Silhouettes were simple: slouchy cardigans, skirts that tuliped at the waist to move with unimpeded freedom, and pants that ranged from pleat-waist jeans to relaxed capri cuts and breezy palazzo styles. Notably, an abundance of shorts filtered through the collection, some so brief they could be labelled hotpants, but Viard layered those over black opaque stockings or under extra-long outerwear for a clever equalising effect. A longer tailored pair cut from Chanel’s signature tweed and styled with a matching jacket delivered a more wearable riff on the trend, and was quickly earmarked a fashion-editor favourite.
On the equally understated yet effective set she erected within the historic Grand Palais, Viard revealed, “The roofs of Paris reminded me of the atmosphere of the Nouvelle Vague. I thought about Kristen Stewart playing [actor] Jean Seberg [in the film Seberg], and all the [actors] Gabrielle Chanel dressed at that time.” And though the ’50s New Wave period of cinema she’s referring to rejected traditional filmmaking conventions in favour of documentary-style realism, Viard’s clothes were hardly workaday basics.
Those techniques were varied and abounding, too. Delicate rows of ruffles were stitched into a denim jacket, elevating the workhorse fabrication into a haute work of art. Metallic braided rope and candy-striped silk trimmed cuffs, collars and hemlines, while thinly sliced leather was played against fine feathers across an elegant monochrome skirt-and-sweater ensemble. Even certain iterations of the old-school tweed texture (as well as a standout graphic print cast in blue and pink tonalities) revealed the letters C-H-A-N-E-L in the most sophisticated spin on logo mania you’re ever likely to find.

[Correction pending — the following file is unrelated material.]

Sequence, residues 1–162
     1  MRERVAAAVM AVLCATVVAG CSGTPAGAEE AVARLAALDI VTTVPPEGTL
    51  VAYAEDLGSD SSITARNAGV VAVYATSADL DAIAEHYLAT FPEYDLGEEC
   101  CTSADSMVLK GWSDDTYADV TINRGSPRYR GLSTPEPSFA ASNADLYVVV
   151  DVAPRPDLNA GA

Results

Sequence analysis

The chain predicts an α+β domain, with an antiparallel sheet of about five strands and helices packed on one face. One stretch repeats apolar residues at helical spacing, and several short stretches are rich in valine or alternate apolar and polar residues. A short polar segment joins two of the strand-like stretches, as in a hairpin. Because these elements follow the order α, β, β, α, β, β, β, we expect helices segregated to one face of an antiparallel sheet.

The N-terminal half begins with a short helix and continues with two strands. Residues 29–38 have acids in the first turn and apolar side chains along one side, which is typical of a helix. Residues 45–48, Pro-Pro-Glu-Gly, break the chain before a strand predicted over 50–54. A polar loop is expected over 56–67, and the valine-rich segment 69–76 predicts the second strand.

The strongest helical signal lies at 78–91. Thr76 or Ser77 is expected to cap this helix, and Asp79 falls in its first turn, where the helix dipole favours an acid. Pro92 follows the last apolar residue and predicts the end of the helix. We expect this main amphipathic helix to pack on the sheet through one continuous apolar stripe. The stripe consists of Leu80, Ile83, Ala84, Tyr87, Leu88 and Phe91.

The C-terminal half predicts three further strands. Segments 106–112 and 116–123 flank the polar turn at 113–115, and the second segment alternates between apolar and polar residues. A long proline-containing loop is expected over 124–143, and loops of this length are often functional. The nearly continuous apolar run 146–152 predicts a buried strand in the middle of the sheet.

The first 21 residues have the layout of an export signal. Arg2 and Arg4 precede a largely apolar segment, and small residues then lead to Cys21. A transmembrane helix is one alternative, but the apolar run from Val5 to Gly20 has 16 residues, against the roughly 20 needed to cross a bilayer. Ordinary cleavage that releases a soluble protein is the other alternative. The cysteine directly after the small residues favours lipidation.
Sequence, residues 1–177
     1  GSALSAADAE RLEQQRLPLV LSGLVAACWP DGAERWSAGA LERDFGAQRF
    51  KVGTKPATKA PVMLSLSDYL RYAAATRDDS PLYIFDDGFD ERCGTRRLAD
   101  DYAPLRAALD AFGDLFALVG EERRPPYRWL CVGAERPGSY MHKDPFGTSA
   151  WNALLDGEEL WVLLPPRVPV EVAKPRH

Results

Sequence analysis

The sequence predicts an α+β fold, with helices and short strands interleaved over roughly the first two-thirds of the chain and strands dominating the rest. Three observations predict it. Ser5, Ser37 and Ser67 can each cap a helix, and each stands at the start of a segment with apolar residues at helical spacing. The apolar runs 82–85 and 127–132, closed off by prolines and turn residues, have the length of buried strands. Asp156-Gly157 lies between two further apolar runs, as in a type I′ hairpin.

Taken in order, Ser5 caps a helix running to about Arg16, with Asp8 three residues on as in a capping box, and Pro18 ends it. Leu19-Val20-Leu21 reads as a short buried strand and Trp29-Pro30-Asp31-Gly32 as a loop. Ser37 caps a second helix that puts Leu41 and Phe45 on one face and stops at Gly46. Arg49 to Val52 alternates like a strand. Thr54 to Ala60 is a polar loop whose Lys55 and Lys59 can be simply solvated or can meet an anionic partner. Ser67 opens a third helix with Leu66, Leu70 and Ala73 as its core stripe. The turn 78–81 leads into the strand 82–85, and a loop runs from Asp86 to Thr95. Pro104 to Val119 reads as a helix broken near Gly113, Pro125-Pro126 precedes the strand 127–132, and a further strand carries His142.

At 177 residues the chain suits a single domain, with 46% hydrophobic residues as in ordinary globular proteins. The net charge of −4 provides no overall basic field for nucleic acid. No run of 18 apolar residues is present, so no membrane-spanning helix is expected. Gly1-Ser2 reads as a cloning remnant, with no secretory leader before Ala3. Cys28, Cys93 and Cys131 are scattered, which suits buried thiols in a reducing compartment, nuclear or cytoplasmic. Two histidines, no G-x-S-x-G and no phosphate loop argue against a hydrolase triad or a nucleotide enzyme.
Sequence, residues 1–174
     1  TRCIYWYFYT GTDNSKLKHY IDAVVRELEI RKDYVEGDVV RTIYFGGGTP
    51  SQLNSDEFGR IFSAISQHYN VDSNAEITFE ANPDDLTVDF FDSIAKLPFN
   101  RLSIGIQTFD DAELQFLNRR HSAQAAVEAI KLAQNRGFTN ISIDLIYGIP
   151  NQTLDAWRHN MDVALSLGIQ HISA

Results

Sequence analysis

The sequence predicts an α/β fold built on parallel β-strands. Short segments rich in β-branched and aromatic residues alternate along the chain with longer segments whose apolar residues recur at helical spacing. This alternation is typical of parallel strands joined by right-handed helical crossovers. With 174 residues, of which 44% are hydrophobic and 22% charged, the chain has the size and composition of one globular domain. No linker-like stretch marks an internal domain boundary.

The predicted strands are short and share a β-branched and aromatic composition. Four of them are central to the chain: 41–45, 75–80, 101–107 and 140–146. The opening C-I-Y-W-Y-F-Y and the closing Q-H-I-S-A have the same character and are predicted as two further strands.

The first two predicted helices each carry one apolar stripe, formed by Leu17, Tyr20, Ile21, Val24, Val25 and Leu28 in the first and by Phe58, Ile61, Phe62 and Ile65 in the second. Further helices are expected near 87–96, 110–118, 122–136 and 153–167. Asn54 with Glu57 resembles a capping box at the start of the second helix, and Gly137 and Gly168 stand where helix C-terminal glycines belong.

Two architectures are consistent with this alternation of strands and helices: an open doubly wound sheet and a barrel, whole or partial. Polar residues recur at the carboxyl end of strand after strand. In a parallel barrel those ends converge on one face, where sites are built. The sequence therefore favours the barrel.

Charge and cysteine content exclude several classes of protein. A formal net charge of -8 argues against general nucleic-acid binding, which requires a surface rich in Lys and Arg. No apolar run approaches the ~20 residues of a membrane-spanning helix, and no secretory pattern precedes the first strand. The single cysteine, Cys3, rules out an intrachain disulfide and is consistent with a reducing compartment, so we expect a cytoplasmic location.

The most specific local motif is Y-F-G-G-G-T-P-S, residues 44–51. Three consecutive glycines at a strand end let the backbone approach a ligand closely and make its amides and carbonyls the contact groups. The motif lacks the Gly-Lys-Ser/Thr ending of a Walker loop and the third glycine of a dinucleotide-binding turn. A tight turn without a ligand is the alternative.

As the line-up moved towards eveningwear, from what at first glance appeared to be a selection of simple black dresses, emerged fluttery organza petals to balloon sleeves embellished with little bows—every overblown proportion perfectly balanced by another or offset by sheer taffeta that traded overt sexiness for chic sensuality.
Adding to the overall air of nonchalance, footwear wasn’t elevated beyond a mini heel, and many of the models walked in two-tone ankle-strap flats, carrying timeless top-handle bags and adorned in layers of pearls or chunky gold chains. Short-brimmed hats topped off a helping of the looks, though the accumulation of accessories never felt overwrought, not least because of the thoughtful way in which they were met by a quintessentially French beauty look: undone hair and barely there make-up.
Altogether it was the kind of range that successfully defers fashion’s eternal quest for newness, because when the calibre of your clothes is so grand, so timeless and so wearable, what more could a woman’s wardrobe possibly hope for?
That’s not to say Viard didn’t deliver an evolution of Chanel’s ready-to-wear vision. The show’s opening look was a youthful playsuit version of the label’s original tweed jacket—a first for the brand and one that revealed the designer’s sensitivity to women of all ages, and hinted at her higher ambitions for the label. Continuing in this vein, with small tweaks applied to Chanel’s long-established party line, it was a breath of fresh air centred on the house history we already know and love. Because, as any bona fide style-setter will tell you, what lies at the core of cool isn’t passing trends, it’s simply staying true to yourself.
This article originally appeared in the March 2020 issue of InStyle.